Mnangagwa’s age, history continue to mystify
By Fungi Kwaramba
HARARE – Post-congress Zanu PF bigwigs opposed to embattled Vice President Emmerson Mnangagwa say among the many things that allegedly “don’t add up” about him are his age and liberation struggle history.
One of the VP’s detractors who spoke to the Daily News yesterday said Mnangagwa had escaped the hangman’s noose in Rhodesia in 1965 because he was said to be under 21 years of age.
Puzzlingly, the Midlands godfather had recently said he was born in 1942, which meant that he was 23 years old in 1965.
“Which is which here? Unfortunately, Ngwena (Mnangagwa) has not found it necessary to explain this puzzle yet.
“This is why some comrades are speculating that he either lied about his age then to survive the gallows, or worse still possibly sold out his comrades so that he could be spared the noose. We are all waiting to hear his clarifications,” the bigwig said.
When it was put to him in his interview in August with the London-based New Africa magazine that he was born on September 15, 1946, Mnangagwa vehemently disputed this.
“I was born on 15 September 1942. The press has been saying 1946 but it is incorrect,” he said.
To add to the mystery, former Presidential Affairs minister Didymus Mutasa, who served time in prison with Mnangagwa for a short period during the liberation struggle, said what he knew was that the VP was released from jail because his parents were Zambian.
“I did not spend much time with him in prison. We were together maybe two to three months before he was released. I spent more time in prison with the president, perhaps two years.
“Mnangagwa was released because he was Zambian. I am not sure about his age, but then we were also told that he was released because he was under age. Nobody knows for sure,” Mutasa said.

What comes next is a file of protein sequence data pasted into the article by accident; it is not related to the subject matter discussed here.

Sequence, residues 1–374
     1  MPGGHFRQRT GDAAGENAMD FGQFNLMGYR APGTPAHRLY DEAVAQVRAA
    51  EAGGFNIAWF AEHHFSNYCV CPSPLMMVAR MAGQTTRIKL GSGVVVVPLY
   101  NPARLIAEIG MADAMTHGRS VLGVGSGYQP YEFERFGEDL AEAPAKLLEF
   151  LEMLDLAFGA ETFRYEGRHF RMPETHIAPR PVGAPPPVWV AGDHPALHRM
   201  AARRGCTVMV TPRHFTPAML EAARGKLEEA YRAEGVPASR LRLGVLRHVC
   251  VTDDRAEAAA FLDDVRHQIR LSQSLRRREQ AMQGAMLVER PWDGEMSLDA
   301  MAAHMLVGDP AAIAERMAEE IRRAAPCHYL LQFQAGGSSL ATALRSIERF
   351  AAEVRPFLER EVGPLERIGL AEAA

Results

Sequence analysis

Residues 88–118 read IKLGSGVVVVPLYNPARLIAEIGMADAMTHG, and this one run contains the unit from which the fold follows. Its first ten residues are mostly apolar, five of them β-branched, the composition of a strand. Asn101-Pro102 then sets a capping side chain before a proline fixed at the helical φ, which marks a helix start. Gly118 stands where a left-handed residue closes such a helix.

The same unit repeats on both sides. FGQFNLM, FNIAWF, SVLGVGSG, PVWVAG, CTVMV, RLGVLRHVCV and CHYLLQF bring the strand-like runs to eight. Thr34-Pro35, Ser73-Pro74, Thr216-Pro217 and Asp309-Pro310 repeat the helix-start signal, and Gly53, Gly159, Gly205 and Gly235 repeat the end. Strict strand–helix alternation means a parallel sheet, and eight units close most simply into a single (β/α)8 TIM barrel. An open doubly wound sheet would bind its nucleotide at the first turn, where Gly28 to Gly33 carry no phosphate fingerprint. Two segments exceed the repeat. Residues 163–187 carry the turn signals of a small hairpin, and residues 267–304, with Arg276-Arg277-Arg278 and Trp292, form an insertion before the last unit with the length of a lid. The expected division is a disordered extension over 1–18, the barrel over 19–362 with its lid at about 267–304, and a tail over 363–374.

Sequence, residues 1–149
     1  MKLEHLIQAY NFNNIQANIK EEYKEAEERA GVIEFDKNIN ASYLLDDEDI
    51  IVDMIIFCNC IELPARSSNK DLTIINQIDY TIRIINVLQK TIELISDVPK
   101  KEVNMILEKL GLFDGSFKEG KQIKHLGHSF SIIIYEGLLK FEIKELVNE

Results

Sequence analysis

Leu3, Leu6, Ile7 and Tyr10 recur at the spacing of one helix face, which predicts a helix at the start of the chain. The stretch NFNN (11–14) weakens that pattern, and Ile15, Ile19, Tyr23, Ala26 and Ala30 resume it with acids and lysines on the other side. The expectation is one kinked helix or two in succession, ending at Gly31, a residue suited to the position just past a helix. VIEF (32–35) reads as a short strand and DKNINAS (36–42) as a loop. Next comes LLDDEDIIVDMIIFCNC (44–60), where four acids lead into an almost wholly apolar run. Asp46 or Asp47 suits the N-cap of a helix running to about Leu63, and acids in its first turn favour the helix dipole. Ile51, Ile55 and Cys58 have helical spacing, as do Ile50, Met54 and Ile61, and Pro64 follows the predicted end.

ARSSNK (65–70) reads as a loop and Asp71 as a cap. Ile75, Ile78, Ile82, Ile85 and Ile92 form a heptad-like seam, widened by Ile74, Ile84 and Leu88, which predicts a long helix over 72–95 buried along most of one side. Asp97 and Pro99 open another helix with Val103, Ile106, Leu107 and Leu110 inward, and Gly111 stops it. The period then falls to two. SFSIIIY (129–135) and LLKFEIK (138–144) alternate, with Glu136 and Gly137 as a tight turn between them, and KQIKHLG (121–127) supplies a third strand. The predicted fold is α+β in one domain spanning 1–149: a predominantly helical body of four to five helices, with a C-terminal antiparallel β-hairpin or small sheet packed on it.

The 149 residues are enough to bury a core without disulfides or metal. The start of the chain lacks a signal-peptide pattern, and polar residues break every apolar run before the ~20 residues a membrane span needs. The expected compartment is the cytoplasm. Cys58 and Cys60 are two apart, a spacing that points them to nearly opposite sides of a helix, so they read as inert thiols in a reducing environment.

Asked if it was possible during the colonial era to manipulate one’s age to escape the noose, Mutasa said, “If it is true that he reduced his age then he must have provided solid proof. I knew the lawyer who was representing him”.
Mnangagwa was convicted in 1965 on charges of blowing up a locomotive in Masvingo and sentenced to death, with groups like Amnesty International actively campaigning for his life to be spared, which was done because at the time he was said to be under-age.
Some war veterans who recently spoke to the Daily News also claimed that the VP was never part of the famous Crocodile Gang that was led by the late William Ndangana, as Mnangagwa himself has consistently asserted.
They also claimed that Mnangagwa was a peripheral figure during the protracted liberation struggle and that his “only possible claim to fame” was that he was once allegedly married to the sister of the late decorated war commander, Josiah Magama Tongogara.
The liberation struggle stalwarts said they were raising their doubts about Mnangagwa now because they were worried that Zanu PF was about to be led by “a person with a hazy history”, and who was allegedly “a stowaway who fled the country claiming to be a Zambian”.
One of the veterans, Retired Colonel Bastian Beta, said he had only met Mnangagwa once during the liberation struggle, “and then he was just a family visitor to the camp”.
“I only met him in 1978 when he came to the camp and we asked who he was, and we were told that it was Comrade Tongogara’s visitor. We were later shocked when we returned home to find that he was heading the security ministry,” Beta said.
To augment their claims, the former freedom fighters also said that there were only five members of the Crocodile Gang and Mnangagwa was not one of them.
“The five were Sipho Ncube, William Ndangana, Cde Mlambo, Cde Dhlamini and Cde Master. They later scattered after they killed a white man at Nyanyadzi, with some going to Zambia. Sipho actually has a crocodile tattoo on his arm,” one of them said.
Another war veteran added that he and Ndangana, who led the Crocodile Gang, had once done a documentary on the activities of the crocodile group and Mnangagwa’s name had not once featured in the narrative.
War veteran Parker Chipoyera told the Daily News that when in Zambia, Mnangagwa did not get much involved in politics.
Chipoyera said there had never been “a single day” that Mnangagwa visited party offices while he was studying at the University of Zambia, adding that the VP did not even join the Zanu branch at the institution of higher learning.
“Cde (Hebert) Chitepo was there in Zambia and domiciled at party offices. Cde Kumbirai Kangai and others used to come to the party offices.
“The likes of Fay Chung, Sam Geza and others used to come attending conferences but he was never there maybe because he knew he would be interrogated about the circumstances surrounding his deportation from Zimbabwe,” he said.
According to the war veterans, this was notwithstanding the fact that Zanu had had other students in Zambia who included Frederick Shava, Joseph Masangomai and Tungamirai Midzi.